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The Chinese government vowed Wednesday to take "firm and forceful measures" against U.S. threats to expand tariff hikes to thousands of products like fish sticks, apples and French doors as their trade dispute escalates.
China gave no details but earlier threatened "comprehensive measures" if Washington took more action. That prompted fears Beijing, running out of imports for retaliation due to its lopsided trade balance with the U.S., might try to disrupt operations of American automakers, retailers and others that see China as a key market.
The spiraling conflict over Chinese technology policy threatens to chill global economic growth. It stems from Washington's complaint that Beijing steals or pressures companies to hand over technology and worries that plans for state-led development of Chinese champions in robots and other fields might erode American industrial leadership.
Geert Vanden Wijngaert/AP
En route to a NATO summit, President Donald Trump is spreading the myth that members of the alliance owe money to the U.S.
His tweet Tuesday: "Many countries in NATO, which we are expected to defend, are not only short of their current commitment of 2% (which is low), but are also delinquent for many years in payments that have not been made. Will they reimburse the U.S.?"
But there is no such debt to the U.S. or to NATO. Therefore, no delinquency or question of payment.
When Laura Bartlett left her friend’s house one night in 2012, carrying an unfinished bottle of wine covered in plastic wrap and secured by a rubber band, she was less concerned with how pretty the hack looked than she was with spilling her wine.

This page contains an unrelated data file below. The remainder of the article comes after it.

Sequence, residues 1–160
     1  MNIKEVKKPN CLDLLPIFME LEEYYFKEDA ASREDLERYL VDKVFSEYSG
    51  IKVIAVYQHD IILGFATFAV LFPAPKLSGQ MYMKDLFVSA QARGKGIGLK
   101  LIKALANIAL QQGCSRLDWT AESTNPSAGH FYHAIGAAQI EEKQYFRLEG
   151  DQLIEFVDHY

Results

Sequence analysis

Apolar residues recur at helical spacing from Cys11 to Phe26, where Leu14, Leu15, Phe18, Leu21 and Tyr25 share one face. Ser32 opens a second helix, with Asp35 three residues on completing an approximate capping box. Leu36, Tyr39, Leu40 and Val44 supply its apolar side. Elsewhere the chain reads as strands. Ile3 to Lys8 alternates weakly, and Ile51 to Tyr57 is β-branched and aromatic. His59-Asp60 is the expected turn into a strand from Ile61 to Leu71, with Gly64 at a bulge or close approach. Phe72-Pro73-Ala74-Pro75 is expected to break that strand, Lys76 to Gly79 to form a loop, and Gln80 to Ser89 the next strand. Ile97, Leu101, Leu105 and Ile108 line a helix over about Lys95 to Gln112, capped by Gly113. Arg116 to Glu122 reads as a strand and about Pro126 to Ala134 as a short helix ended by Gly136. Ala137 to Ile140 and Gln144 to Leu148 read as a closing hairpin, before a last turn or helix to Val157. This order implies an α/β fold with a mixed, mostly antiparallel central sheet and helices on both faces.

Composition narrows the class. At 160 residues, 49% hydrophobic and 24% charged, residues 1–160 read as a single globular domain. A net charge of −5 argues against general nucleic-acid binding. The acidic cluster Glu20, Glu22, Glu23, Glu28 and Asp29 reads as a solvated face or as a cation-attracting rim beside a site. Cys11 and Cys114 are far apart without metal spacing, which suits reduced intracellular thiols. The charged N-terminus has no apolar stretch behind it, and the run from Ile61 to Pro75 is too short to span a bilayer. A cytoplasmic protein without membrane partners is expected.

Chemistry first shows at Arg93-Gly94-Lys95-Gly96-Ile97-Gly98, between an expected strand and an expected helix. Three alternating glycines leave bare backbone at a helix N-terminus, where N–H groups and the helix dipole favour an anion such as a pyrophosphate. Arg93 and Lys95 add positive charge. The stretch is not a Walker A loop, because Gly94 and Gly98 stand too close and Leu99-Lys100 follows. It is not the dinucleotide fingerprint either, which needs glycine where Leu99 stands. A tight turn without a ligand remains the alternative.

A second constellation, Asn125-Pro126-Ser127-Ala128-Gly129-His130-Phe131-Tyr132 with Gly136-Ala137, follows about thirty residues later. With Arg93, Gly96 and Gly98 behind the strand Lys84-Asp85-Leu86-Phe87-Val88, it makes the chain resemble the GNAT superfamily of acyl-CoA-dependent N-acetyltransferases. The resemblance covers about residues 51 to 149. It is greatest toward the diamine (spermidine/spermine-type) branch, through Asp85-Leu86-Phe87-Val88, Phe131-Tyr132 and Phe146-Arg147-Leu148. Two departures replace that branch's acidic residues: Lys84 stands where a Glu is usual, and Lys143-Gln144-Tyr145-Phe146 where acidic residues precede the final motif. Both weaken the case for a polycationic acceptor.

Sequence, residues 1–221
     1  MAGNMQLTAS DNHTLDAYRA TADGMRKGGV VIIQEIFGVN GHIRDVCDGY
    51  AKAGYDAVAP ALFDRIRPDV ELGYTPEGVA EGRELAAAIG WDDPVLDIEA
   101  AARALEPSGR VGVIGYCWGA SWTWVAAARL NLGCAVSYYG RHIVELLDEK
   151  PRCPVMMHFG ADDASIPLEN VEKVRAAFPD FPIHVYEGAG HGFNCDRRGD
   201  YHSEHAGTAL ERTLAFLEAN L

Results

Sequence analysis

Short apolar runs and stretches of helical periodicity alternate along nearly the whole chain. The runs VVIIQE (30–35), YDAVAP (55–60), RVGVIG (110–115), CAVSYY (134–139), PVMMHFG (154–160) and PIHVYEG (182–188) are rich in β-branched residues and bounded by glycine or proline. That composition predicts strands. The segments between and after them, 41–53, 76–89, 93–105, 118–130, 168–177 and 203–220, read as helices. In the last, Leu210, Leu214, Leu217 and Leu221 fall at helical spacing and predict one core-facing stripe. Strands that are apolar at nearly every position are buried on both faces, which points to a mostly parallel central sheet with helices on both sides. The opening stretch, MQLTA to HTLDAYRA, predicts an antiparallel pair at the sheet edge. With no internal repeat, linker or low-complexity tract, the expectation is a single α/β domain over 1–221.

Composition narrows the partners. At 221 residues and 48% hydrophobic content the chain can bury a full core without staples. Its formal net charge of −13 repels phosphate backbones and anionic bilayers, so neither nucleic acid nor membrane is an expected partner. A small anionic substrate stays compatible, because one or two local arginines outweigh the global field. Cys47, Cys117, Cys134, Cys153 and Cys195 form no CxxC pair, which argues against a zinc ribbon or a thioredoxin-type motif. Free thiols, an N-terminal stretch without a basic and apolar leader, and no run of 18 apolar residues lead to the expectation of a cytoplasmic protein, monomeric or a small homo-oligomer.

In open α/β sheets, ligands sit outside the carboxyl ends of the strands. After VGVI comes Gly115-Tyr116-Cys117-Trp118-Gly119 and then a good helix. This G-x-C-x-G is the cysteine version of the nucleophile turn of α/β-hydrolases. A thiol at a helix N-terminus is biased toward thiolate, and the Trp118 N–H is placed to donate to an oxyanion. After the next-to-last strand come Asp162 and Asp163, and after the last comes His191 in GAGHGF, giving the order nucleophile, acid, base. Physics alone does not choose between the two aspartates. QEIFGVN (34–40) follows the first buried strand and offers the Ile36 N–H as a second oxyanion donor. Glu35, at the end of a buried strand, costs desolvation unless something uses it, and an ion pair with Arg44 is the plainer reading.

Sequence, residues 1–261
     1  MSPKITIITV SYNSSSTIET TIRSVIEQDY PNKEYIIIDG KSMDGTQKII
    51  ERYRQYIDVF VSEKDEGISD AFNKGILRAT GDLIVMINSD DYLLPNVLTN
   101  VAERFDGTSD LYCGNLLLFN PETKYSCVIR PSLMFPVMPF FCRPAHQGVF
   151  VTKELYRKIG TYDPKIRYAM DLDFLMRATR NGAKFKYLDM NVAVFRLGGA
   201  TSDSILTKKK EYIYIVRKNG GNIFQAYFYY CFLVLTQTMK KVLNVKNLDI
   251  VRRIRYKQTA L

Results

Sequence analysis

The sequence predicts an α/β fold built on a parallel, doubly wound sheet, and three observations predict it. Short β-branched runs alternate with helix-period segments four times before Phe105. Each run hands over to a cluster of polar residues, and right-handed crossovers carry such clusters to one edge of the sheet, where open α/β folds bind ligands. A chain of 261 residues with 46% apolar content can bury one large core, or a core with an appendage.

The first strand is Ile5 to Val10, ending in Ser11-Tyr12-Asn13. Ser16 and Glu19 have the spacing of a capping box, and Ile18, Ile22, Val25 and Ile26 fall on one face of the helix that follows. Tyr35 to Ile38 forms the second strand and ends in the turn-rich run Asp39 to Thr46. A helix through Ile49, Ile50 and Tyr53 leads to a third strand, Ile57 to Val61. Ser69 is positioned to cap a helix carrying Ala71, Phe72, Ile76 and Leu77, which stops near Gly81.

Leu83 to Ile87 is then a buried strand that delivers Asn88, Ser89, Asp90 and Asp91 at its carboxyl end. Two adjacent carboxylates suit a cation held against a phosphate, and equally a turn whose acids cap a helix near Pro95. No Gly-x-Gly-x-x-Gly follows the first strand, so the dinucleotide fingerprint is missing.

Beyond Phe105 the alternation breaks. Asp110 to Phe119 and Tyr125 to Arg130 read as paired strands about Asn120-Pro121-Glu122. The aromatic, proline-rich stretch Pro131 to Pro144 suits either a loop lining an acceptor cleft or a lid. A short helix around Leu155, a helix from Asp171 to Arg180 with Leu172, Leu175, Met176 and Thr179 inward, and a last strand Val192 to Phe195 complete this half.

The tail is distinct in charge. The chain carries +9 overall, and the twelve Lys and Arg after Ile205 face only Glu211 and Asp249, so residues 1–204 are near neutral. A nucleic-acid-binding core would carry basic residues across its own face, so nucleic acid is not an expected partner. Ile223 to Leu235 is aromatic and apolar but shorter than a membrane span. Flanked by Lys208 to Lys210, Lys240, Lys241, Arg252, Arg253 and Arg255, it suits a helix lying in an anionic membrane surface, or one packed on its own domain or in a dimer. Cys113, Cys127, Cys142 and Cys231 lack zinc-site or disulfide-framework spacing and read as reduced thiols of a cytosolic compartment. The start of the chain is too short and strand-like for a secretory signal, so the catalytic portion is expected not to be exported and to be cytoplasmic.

After she got home, her then 20-year-old son, Mitch Strahan, joked that her makeshift wine stopper looked like a condom.
“We just kind of laughed about it,” Bartlett, 51, tells CNBC Make It.
But the joke stuck.
Comcast Corp. on Wednesday raised its offer for Britain's Sky in a deal valuing the pay-TV group at $34 billion, topping a raised bid of $32.5 billion from Rupert Murdoch's Twenty-First Century Fox.
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Occupy ICE protestors were involved in a violent clash with Federal Protective Service officers outside an ICE facility in Portland, Oregon.
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Under fire for his warm embrace of Russia's Vladimir Putin, President Donald Trump jolted the NATO summit Wednesday by turning a spotlight on Germany's ties to Russia and openly questioning the value of the military alliance that has defined American foreign policy for decades.
Two immigrant fathers who were separated from their young sons for almost two months following the Trump administration's "zero tolerance" policy have been reunited with their children in New...
President Donald Trump's jailed former campaign chairman, Paul Manafort, has said in monitored phone calls that he is being treated like a "VIP" while behind bars, federal prosecutors said Wednesday as they argued against postponing his financial crimes trial. Defense lawyers called the statements from special counsel Robert Mueller's office "self-serving and inaccurate."
The dueling court filing are part of an ongoing tussle over Manafort's confinement that began after a judge revoked his house arrest last month and ordered him jailed on witness tampering allegations. Since then, Manafort's lawyers have said they cannot properly prepare for trial with a client jailed two hours outside of Washington, D.C.